The latest episode of 1883 told the tragically true story of pioneers that had to face the perilous conditions of large river crossings. Today, crossing a river certainly isn’t a death sentence with the right equipment.
However, as the pioneer series demonstrated, the travelers could take very little with them. And most times, the best they could do to protect themselves was to lighten the load in their wagons and hold tight on the reins. Unfortunately, many times, this wasn’t enough to escape the swift waters and unforgiving current that took so many lives.
During Episode 4 of 1883, “The Crossing,” main characters James Dutton (Tim McGraw) and Shea Brennan (Sam Elliott) discussed how they could best prepare the travelers and animals for the journey across the water. They decided to cross midday when the animals would be hotter and more willing to enter the water. And while some members crossed without issue, others soon became victims of the water, despite their best efforts to save them.
According to FrontierLife.org, this depiction of river crossings is fairly accurate. While cholera was the number one cause of casualties along the Oregon Trail, river crossings weren’t too far behind.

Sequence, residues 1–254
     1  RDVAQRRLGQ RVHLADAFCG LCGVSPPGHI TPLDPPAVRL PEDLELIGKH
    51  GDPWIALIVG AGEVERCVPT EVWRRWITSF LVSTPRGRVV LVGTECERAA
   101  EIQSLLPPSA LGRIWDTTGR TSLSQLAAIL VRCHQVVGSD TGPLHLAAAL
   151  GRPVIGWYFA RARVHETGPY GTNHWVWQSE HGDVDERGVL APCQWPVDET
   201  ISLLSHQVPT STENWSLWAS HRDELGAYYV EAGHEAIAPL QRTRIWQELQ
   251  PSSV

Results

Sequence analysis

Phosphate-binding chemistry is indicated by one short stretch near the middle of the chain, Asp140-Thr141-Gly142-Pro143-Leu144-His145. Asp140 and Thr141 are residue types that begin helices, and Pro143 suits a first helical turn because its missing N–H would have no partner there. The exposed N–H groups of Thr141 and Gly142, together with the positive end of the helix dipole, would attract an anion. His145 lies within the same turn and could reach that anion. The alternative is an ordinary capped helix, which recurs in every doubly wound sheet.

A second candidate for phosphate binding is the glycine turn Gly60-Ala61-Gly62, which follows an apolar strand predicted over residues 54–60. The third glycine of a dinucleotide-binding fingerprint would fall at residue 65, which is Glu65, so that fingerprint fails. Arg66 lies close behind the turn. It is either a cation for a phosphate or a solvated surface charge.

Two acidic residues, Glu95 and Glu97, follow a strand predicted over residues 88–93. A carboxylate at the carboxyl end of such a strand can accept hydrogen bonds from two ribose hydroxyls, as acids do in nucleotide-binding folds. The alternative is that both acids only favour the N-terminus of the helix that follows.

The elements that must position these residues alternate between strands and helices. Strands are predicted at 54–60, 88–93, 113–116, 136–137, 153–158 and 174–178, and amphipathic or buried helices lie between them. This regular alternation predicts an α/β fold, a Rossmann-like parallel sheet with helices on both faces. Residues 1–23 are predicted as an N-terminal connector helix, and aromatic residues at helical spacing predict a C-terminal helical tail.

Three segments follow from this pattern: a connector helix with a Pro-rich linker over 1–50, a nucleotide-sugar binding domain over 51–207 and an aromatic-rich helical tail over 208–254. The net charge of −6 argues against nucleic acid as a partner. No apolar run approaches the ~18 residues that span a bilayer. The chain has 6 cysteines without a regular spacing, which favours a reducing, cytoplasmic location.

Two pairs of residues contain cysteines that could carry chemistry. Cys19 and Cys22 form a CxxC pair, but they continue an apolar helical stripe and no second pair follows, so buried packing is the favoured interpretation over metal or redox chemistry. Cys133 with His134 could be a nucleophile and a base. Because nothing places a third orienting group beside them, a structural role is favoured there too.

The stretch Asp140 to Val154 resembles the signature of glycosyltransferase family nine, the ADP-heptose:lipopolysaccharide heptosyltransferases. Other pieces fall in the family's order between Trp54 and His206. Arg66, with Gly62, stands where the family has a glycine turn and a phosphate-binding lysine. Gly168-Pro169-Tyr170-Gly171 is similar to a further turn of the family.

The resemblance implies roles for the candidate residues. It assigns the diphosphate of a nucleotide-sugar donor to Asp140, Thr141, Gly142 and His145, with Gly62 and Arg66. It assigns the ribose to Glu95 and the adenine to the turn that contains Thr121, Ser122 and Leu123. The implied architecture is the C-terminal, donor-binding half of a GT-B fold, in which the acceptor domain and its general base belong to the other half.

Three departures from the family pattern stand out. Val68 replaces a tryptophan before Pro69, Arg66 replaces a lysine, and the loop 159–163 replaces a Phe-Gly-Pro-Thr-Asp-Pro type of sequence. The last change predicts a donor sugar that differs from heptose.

“Crossing rivers on the Oregon Trail was one of the most dangerous parts of the journey,” the post read. “Back in the Oregon Trail days pioneers would have had to contend with much larger rivers with much higher volumes. While smaller streams didn’t present much of an issue, larger rivers were more challenging.”
Animals Were Both Necessary and Dangerous During River Crossings in ‘1883’
The water’s conditions weren’t the only dangerous elements in the river crossings. Just as treacherous were the animals, themselves. In 1883, Dutton and Brennan tried to make the water seem more inviting to the horses, but if the animal senses danger, there’s no stopping them from panicking and bucking. And once one starts, others are likely to follow.
That’s how so many wagons and travelers toppled into the water. Without any knowledge on how to swim or any safety gear to help them float, this became a death sentence.
Take a look at this reenactment from the early 1900s that demonstrated the chaos that ensued during river crossings on the Oregon Trail.
Historians have collected many accounts of travelers during the mid-1800s that, luckily, survived the crossings during their journeys. And though no situation was particularly safe in these moments, the travelers most at risk seemed to be those with wagons and animals. One pioneer named Isaac Wistar detailed the conditions he witnessed during his own journey.
“The crossings were bad and dangerous for wagons,” Wistar wrote on June 28, 1849, “–especially the last [crossing]–where the current and deepest channel were immediately under the near bank, and notwithstanding the many tons of rock thrown in to level up, the mules were swimming from the start, the wagons taking a headlong plunge after them.”